Cost will be $50. Contact Jay about lodging options.

Monday, January 16, 2012


I heard two stories recently about how the skills of improvisation comedy apply to everyday life and business. One of those referenced Tina Fey’s book, Bossypants, specifically the section, “Rules of Improvisation That Will Change Your Life and Reduce Belly Fat”. This struck a cord with me. I feel a few of those points can be applied to martial arts and then back to life. Let’s go down her list and compare.
“Agree and say yes.” In Fey’s words, she means to keep an open mind and start with yes and see where that takes you. You may not agree with what is happening, but it is a place to start. To me, this means accepting what is happening right now and acknowledge it is occurring. An apt analogy could be, “man that looks like a fist coming my way. And it’s getting bigger.” It may not be physical either. The verbal equivalent could be if someone is getting in your face, check yourself. Don’t escalate the situation. Keep control of the situation by repeating back what they are telling you, let them know you hear what they are saying and attempt to de-escalate the scene.
“Yes, And...” Ms. Fey suggests at his point, we add something to the conversation. In the case of the fist above, you could see it and (re)act (to)on that stimulus with something you have practiced for just such an instance. With de-escalating, you may agree with what they are saying and offer a way to defuse what’s going on.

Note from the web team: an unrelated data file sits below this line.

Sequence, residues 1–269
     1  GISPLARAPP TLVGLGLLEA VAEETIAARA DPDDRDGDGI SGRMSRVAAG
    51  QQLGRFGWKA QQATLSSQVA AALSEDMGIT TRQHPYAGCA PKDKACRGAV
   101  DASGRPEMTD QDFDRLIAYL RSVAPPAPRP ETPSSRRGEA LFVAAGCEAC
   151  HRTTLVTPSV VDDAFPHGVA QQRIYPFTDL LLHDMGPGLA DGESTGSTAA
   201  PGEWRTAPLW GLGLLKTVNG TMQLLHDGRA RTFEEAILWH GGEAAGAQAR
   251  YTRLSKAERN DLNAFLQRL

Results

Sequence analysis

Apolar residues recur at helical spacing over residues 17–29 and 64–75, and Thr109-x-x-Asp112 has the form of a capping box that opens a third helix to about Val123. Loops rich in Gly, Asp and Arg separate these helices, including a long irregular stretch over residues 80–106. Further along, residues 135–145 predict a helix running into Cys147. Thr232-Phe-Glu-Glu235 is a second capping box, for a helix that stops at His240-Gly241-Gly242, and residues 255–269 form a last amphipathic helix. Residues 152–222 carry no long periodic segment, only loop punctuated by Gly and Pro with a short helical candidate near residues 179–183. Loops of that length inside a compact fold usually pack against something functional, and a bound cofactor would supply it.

“Make statements.” Ms. Fey suggests now is the point to offer your opinions and be part of the solution. In the case of a non-verbal confrontation, you will be hitting and doing damage. Verbally, you can state clearly that you are going to make things right by leaving.
“There are no mistakes, only opportunities.” Here, Ms. Fey states that you have to make to best of the situation you are in and recognize that things could go wrong. In a physical confrontation, actions performed by you may not go off they way you had hoped, but you can’t linger on that. You need to keep plugging away to get out of the circumstance. In the verbal situation, you may say the wrong thing at the wrong time, so you need to accept that, apologize, and move on.

As is true with improvisation, the same goes with martial arts: practice. The more you explore, the more you are able to adapt to the moment and just flow with it to get what needs done, done. Join us at Kapatiran Suntukan Martial Arts to learn the skills you need to get out of a situation when you have to.